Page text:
The EC – Asbestos 43 case between the European Communities (EC) and Canada44 arose from a French decree prohibiting the production, marketing, importation and exportation of asbestos and all goods containing asbestos for public health reasons.45 In 1998, Canada (the world’s second largest asbestos manufacturer at that time)46 requested consultations with the EC maintaining that the French decree was in violation of Articles 2 and 5 SPS Agreement, Article 2 TBT Agreement and Articles III, XI and XIII GATT.47 The Panel concluded that the French decree was inconsistent with the national treatment obligation laid down in Article III:4 GATT.48 The Panel then examined whether the EC could rightly invoke Article XX(b) GATT as a justification for its asbestos ban. In this respect, Canada and the EC essentially disagreed on whether a certain asbestos product posed a human health risk.49 According to the Panel this was a matter of sufficient scientific evidence. In the particular case, the Panel found that the EC had established a prima facie case of a human health risk and that Canada had not presented sufficient evidence to rebut this finding.50 Because there was no alternative measure available to the EC which could fulfil the human health protection objective, the Panel considered the asbestos ban to be justified under Article XX(b) GATT.51 With regard to the TBT Agreement, the Panel held that it did not apply to the asbestos ban but to the exceptions of that ban, because only the latter constituted a technical regulation.52 However, since Canada did not challenge these exceptions, the Panel did not examine them.

On appeal, the Appellate Body held that the ban by the French decree was a “technical regulation”, as defined in Annex 1.1 of the TBT Agreement, and thus covered by the TBT Agreement.53 It did not, however, make any more substantive findings because of the insufficiency of the facts.54 With regard to the GATT, the Appellate Body reversed the Panel’s finding that the products were “like” and the measures therefore inconsistent with Article III:4 GATT.55 According to the Appellate Body, Canada failed to show that a competitive relationship56 between the products and the like products existed.57 Finally, the Appellate Body confirmed the Panel’s view that in any case the ban was justified under Article XX (b) GATT, because it “protect[ed] human life or health” and “no reasonably alternative measure” existed.58 Especially, a “controlled use” would not be a conceivable alternative.59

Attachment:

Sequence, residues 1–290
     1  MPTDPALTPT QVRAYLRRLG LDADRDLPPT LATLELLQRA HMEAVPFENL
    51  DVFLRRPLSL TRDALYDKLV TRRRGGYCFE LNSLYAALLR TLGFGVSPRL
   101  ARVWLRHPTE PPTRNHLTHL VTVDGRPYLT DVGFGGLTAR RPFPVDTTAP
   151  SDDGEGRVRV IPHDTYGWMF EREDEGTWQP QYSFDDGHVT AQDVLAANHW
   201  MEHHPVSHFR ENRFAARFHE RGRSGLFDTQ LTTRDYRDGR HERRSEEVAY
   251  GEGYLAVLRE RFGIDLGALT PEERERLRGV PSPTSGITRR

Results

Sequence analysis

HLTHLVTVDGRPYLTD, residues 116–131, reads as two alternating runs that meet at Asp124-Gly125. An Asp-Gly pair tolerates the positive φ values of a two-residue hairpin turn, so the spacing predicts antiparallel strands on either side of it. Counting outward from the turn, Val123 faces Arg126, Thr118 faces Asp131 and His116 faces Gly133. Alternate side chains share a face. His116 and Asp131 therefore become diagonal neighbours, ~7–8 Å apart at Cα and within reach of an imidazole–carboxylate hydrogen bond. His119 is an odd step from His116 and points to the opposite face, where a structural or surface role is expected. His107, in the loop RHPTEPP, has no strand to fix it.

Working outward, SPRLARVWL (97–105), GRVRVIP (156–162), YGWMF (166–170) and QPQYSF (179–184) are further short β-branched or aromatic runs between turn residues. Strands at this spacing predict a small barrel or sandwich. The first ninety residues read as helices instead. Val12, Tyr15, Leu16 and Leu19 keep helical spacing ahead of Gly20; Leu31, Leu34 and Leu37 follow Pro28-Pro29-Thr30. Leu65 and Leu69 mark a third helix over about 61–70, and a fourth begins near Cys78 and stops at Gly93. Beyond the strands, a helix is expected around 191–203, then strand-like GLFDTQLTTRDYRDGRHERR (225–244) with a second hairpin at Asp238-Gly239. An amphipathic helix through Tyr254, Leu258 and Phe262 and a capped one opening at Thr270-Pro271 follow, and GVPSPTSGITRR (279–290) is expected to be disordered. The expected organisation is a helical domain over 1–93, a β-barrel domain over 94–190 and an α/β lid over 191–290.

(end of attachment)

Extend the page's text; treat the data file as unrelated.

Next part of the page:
EC – Hormones

EC – Hormones—a dispute between the EC, the US and Canada—concerned an EC prohibition of the sale and import of beef to which certain kinds of natural or synthetic hormones had been administered for growth purposes. As a result, US farmers suffered extensive export shortfalls. The US successfully challenged the measures as being inconsistent with, inter alia, the SPS Agreement.

With regard to the requirements for a justification of an SPS measure, the Appellate Body emphasised that the right of a WTO Member to define its appropriate level of protection is not absolute and must be backed by a substantive scientific justification when exceeding international standards of protection.60 Accordingly, the WTO Members do not enjoy unfettered discretion when deciding on their level of SPS protection.61 Instead, a “rational relationship” between the measure and the empirical risk assessment conducted by the WTO Member concerned must exist.62 Against this background, the EC could not defend its hormones ban before the Panel and the Appellate Body. It was not based on any risk assessment as prescribed by Article 5.1 SPS Agreement, nor did it conform to international standards as laid down in Article 3.1 SPS Agreement. After the decision of the Appellate Body, the EC refused to implement the decision.63 New disputes arose on the state of implementation of the decision and retaliatory measures imposed to enforce implementation.64

Results for a Justification of NTBs

EC – Asbestos and EC – Hormones are but the very top of a long list of transatlantic disputes on NTBs. Overall this case law on NTBs gives rise to two major observations. First, it is very difficult to meet the standard required for a justification of NTBs under the GATT, the SPS or the TBT Agreement. The only instance where an NTB fully complied with WTO law was EC – Asbestos, where it was obvious that there existed no alternative measure to the introduction of an import ban on asbestos. The Appellate Body held, that “France could not reasonably be expected to employ any alternative measure if that measure would involve a continuation of the very risk that the Decree seeks to ‘halt’. Such an alternative measure would, in effect, prevent France from achieving its chosen level of health protection.”65

Second, the case law illustrates that a risk assessment and reliable scientific evidence of an actual positive effect of the NTB is absolutely key to its justification under WTO law. All parties concerned, the EU, the US, and Canada have already learned that poor evidence, an overly narrow assessment of the risks, and lack of even-handedness of the NTB in view of the general standard of protection within the regulating Member puts the WTO consistency of an NTB at risk. Thus, it is important to prepare the introduction of a new NTB very carefully in order to avoid the unnecessary and unpleasant exercise of redrafting an NTB according to the rulings of a WTO panel.